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Two Marijuana Plantations Found in the Santa Monica Mountains
Just like in a recent episode of Weeds, deep within public lands are some major areas prime for cultivating marijuana. Yesterday, local and federal officials eradicated two sites, one in a state park and another on National Park land. Likely to be worth close to $10 million on the street, 2,088 marijuana plants were found in Malibu Creek State Park and another 1421 in Zuma Canyon.
Both operations used PVC piping, camping equipment, fertilizer, and chemicals in remote areas mostly used by bobcats and mountain lions as wildlife corridors. The plantations decrease the already small range the lions live within and disrupts the natural habitat with soil disturbance, natural vegetation removal and the introduction of potentially harmful chemicals into the local ecosystem. Make-shift campfires at the sites also could have ignited wildfires. $10,000-$12,000 will be used to clean up each of these sites, but the monies have to be diverted from public programs and scientific research, according to the National Park Service who oversees the Santa Monica Mountains National Recreation Area.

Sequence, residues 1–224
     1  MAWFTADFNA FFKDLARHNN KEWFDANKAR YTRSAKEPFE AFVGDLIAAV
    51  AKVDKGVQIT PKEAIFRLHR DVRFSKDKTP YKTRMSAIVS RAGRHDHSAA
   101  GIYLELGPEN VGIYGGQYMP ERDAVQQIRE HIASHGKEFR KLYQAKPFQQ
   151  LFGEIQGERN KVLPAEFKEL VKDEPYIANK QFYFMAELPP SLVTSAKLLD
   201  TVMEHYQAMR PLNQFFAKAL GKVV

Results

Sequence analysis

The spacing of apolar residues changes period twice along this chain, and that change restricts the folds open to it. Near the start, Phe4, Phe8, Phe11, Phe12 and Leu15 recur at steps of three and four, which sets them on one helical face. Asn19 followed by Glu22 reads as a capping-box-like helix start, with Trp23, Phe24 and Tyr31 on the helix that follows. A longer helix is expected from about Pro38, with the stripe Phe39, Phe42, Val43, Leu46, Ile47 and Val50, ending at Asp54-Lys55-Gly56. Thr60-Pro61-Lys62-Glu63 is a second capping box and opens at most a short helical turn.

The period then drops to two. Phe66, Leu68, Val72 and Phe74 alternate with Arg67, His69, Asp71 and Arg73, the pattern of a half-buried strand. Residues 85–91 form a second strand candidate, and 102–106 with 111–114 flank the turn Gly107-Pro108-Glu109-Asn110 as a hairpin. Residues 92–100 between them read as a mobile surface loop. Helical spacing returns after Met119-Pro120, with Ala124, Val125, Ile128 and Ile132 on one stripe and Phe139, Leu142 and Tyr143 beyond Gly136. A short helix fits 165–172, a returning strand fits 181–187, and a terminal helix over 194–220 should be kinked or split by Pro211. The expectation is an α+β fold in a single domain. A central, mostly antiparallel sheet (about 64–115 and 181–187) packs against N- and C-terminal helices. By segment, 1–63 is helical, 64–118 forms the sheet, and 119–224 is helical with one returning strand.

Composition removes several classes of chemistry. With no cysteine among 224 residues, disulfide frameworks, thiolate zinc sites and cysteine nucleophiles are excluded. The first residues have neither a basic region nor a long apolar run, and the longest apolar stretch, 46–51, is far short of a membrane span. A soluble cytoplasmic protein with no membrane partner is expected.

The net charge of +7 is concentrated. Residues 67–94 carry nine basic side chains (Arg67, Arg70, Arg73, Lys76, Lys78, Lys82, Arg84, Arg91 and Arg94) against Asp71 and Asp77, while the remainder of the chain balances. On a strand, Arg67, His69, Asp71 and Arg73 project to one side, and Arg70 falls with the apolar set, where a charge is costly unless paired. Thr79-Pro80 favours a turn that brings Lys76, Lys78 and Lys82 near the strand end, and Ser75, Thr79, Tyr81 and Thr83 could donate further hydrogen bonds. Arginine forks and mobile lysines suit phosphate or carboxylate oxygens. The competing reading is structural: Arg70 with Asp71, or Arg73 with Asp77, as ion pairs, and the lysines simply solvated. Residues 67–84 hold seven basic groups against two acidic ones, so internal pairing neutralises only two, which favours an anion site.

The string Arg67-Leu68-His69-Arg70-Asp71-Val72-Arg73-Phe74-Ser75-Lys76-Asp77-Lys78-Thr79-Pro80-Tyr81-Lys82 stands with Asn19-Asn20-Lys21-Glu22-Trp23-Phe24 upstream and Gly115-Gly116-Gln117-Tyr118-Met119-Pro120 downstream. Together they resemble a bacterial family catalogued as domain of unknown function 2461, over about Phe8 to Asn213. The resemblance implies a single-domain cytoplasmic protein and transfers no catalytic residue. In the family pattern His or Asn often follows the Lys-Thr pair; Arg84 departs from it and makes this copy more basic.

"Our parks shouldn't have to spend their limited resources fighting drug cartels when those resources could instead be used to educate and inspire our children - the future stewards of our national parks,” said the nonprofit National Parks Conservation Association in a statement.
A 2007 bust seized around 3,900 plants on a 1.5 acre plot within Trancas Canyon. In 2005, officials found the largest marijuana operation in the mountains to date. 28,000 plants were seized at Malibu Creek State Park.
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